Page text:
AFRICA: SECAM urged to promote peace and good governance
The Symposium of Episcopal Conferences of Africa and Madagascar (SECAM) has been urged to promote peaceful, fair and transparent elections in the continent.
Speaking on May 10 in Cotonou, Benin where he received a delegation of SECAM officials in his office, the Chair of the African Union (AU), Dr Thomas Yayi Boni said that this was in consonance with the spirit of the AU.
The SECAM delegation had paid a visit to the AU chair to request for an Observer Status for SECAM at the AU, which he promised to put on the Agenda of the next AU Summit that would take place in Malawi in July 2012.
Dr Boni who is also the President of Benin, promised to appeal to the Heads of African States to ratify the Africa Charter on democracy, elections and good governance that SECAM has been campaigning for.
He said that taking into consideration the immense contribution that the Church has made in the development of Africa in terms of education, agriculture, health and in other socio-economic and political spheres, he saw no reason why such a legitimate request would not be granted.
President Boni stressed that the Church and the states play complementary roles in the integral development of the people of Africa.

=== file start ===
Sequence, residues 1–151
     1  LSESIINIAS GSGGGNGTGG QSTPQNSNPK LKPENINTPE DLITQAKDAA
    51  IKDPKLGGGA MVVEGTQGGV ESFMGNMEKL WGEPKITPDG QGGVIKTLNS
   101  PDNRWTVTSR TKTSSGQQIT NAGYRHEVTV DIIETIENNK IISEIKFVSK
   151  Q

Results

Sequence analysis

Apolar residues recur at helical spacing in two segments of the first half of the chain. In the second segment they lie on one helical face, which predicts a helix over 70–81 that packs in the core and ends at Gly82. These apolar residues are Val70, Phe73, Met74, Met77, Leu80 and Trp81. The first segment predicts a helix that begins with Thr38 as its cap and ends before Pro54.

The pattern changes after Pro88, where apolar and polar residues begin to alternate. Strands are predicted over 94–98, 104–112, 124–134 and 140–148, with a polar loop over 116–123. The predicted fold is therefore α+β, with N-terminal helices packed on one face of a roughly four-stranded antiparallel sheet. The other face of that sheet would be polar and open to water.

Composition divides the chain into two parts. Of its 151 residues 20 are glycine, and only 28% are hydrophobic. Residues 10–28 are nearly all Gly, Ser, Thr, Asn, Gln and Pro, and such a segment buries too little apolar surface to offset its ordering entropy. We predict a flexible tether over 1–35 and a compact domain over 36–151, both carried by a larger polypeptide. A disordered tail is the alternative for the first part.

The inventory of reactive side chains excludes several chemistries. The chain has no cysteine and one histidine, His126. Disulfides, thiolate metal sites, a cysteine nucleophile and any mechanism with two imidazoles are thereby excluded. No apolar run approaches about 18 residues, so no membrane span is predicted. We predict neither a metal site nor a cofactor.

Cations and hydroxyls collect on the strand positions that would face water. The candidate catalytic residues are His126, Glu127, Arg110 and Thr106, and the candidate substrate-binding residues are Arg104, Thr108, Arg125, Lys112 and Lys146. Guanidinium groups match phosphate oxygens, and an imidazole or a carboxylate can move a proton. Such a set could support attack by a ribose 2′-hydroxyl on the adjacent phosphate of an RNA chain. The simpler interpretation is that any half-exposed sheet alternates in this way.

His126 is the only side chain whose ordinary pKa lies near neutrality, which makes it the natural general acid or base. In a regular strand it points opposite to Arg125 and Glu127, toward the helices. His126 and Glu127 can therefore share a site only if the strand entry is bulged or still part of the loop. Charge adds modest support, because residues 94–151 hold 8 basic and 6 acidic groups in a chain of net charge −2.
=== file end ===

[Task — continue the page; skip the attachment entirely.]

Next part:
He also noted, lack of respect for religious and political differences, good governance, democracy and free and fair elections as some of the challenges confronting Africa.
He added that these issues have contributed to the Arab Spring in some countries in North Africa and clashes in Mali, Guinea Bissau and Nigeria.
The AU chair criticized the manner in which the United Nations Security Council and the countries that form the G20 handle African affairs.
He said this has resulted in the instability of North Africa thus affecting other Sub-Saharan African countries like Mali which is still grappling with the Touareg rebel menace and Nigeria with Boko Haram.
In a press statement sent to CISA by Benedict Assorow, Director of Communications of SECAM, the AU chair said that about 90 percent of matters that are discussed by the UN Security Council and other bodies are often on or about Africa, yet Africa is not part of the decisions that are taken on her behalf.
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